[ 0.308537] libata version 3.00 loaded.
[ 0.308537] usbcore: registered new interface driver usbfs
[ 0.308537] usbcore: registered new interface driver hub
[ 0.308537] usbcore: registered new device driver usb
[ 0.308537] ACPI: WMI: Mapper loaded
[ 0.308537] PCI: Using ACPI for IRQ routing
[ 0.330010] Bluetooth: Core ver 2.15
[ 0.330085] NET: Registered protocol family 31
[ 0.330085] Bluetooth: HCI device and connection manager initialized
[ 0.330137] Bluetooth: HCI socket layer initialized
[ 0.330184] NetLabel: Initializing
[ 0.330227] NetLabel: domain hash size = 128
[ 0.330273] NetLabel: protocols = UNLABELED CIPSOv4
[ 0.330332] NetLabel: unlabeled traffic allowed by default
[ 0.330417] hpet0: at MMIO 0xfed00000, IRQs 2, 8, 0, 0
[ 0.330564] hpet0: 4 comparators, 64-bit 14.318180 MHz counter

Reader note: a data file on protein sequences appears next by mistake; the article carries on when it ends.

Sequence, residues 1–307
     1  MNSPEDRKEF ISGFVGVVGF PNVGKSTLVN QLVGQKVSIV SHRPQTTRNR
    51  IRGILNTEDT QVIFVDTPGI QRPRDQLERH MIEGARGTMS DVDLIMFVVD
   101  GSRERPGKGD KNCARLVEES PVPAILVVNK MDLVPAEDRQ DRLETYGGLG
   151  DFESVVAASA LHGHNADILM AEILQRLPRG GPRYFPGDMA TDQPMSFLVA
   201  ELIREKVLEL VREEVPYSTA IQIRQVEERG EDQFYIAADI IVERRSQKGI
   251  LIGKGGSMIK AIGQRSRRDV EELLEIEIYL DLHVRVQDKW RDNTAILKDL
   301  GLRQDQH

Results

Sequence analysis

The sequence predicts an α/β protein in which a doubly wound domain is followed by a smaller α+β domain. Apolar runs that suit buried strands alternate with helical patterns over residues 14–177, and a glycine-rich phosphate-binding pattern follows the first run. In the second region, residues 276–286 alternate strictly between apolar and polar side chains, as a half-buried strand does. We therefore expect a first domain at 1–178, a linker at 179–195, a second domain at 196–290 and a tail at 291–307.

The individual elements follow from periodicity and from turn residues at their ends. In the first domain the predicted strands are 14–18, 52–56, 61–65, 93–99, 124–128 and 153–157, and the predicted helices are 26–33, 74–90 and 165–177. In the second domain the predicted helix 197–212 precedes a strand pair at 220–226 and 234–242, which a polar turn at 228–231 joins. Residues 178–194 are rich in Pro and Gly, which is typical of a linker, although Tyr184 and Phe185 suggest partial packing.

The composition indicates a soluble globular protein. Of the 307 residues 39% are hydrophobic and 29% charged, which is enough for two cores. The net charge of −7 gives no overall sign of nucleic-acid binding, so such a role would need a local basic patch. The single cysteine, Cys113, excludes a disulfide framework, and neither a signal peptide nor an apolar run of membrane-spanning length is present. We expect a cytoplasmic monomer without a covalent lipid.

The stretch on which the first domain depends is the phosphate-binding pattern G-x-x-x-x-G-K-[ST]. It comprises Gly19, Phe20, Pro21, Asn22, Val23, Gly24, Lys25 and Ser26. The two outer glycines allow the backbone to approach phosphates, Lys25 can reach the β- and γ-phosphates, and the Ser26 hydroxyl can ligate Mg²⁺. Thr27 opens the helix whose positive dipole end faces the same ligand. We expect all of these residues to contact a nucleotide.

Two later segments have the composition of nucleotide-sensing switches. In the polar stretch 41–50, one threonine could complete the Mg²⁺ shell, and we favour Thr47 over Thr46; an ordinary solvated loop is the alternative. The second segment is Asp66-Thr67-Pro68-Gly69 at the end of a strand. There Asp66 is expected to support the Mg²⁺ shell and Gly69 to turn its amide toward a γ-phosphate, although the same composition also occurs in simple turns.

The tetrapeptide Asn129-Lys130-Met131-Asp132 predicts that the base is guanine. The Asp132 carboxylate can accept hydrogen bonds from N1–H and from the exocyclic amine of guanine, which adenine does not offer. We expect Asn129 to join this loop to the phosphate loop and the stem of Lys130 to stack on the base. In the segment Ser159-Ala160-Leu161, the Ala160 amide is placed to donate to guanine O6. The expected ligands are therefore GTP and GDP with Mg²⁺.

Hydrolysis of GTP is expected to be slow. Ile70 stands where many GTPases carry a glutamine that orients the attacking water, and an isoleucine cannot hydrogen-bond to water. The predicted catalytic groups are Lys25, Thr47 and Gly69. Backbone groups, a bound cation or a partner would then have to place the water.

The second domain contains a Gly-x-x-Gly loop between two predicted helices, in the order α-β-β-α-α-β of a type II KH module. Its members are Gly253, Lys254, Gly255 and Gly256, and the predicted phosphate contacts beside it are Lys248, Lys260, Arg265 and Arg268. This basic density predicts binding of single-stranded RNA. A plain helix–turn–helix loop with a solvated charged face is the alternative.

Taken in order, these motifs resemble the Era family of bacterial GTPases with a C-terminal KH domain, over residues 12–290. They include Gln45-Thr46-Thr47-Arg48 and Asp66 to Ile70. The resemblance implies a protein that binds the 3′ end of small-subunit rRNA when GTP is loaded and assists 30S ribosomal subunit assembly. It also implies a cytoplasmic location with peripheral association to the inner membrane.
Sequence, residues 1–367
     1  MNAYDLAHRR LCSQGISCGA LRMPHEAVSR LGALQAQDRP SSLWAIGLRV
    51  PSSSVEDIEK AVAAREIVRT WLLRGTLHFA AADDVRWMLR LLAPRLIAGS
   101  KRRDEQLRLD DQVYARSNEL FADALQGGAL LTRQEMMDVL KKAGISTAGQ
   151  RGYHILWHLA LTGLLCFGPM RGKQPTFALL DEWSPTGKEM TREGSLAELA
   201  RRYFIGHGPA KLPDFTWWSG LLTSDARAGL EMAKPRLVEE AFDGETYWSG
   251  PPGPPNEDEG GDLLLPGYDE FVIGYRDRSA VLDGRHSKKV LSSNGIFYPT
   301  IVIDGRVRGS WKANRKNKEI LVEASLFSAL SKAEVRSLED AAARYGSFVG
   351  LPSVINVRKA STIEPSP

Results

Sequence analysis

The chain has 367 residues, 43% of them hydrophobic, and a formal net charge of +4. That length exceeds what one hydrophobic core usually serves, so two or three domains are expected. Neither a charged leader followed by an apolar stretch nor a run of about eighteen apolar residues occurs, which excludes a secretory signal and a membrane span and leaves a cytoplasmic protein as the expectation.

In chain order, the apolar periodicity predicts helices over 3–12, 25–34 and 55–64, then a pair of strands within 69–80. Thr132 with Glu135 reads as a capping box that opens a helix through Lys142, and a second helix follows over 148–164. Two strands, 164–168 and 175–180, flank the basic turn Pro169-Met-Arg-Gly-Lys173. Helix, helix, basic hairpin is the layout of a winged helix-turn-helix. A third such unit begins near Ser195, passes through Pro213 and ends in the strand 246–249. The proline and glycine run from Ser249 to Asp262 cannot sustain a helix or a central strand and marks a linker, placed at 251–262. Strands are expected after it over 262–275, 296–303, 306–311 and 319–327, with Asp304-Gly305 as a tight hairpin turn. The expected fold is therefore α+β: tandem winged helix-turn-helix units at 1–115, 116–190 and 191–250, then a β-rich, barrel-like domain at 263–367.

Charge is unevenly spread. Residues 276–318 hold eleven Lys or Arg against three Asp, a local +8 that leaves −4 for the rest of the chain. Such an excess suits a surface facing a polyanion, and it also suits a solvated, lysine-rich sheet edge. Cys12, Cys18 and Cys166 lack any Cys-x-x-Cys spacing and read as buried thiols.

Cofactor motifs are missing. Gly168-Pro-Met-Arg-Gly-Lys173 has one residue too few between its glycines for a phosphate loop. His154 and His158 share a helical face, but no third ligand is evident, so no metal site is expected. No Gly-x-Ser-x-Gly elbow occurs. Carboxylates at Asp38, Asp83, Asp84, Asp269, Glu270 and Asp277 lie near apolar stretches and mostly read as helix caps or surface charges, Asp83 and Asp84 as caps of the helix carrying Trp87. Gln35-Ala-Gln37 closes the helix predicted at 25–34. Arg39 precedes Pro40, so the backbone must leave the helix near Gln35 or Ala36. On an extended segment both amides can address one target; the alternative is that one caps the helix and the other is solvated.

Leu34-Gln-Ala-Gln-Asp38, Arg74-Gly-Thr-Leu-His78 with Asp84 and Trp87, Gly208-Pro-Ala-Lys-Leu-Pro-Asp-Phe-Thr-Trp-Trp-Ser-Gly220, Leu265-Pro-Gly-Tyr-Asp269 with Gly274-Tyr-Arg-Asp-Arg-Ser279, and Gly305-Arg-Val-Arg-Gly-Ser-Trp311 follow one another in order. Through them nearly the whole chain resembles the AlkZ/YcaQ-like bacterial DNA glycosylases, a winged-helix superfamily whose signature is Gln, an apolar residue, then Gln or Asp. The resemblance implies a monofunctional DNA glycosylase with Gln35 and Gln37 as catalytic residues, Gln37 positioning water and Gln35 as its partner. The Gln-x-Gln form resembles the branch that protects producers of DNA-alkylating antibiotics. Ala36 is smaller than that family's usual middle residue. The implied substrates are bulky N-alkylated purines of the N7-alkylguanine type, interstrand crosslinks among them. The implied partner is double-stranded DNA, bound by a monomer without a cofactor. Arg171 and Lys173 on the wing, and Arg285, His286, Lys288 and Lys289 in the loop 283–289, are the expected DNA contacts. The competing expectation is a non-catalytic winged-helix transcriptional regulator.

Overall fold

[ 0.369992] pnp: PnP ACPI init
[ 0.370060] ACPI: bus type pnp registered
[ 0.371808] pnp: PnP ACPI: found 11 devices
[ 0.371854] ACPI: ACPI bus type pnp unregistered
[ 0.371908] system 00:01: iomem range 0xfed14000-0xfed19fff has been reserved
[ 0.371961] system 00:01: iomem range 0xf0000000-0xf7ffffff has been reserved
[ 0.372019] system 00:07: ioport range 0x4d0-0x4d1 has been reserved
[ 0.372070] system 00:07: ioport range 0x540-0x57f has been reserved
[ 0.372122] system 00:07: iomem range 0xffe00000-0xffffffff has been reserved
[ 0.372174] system 00:07: iomem range 0xfed30000-0xfed3ffff has been reserved
[ 0.372227] system 00:07: iomem range 0xfed08000-0xfed08fff has been reserved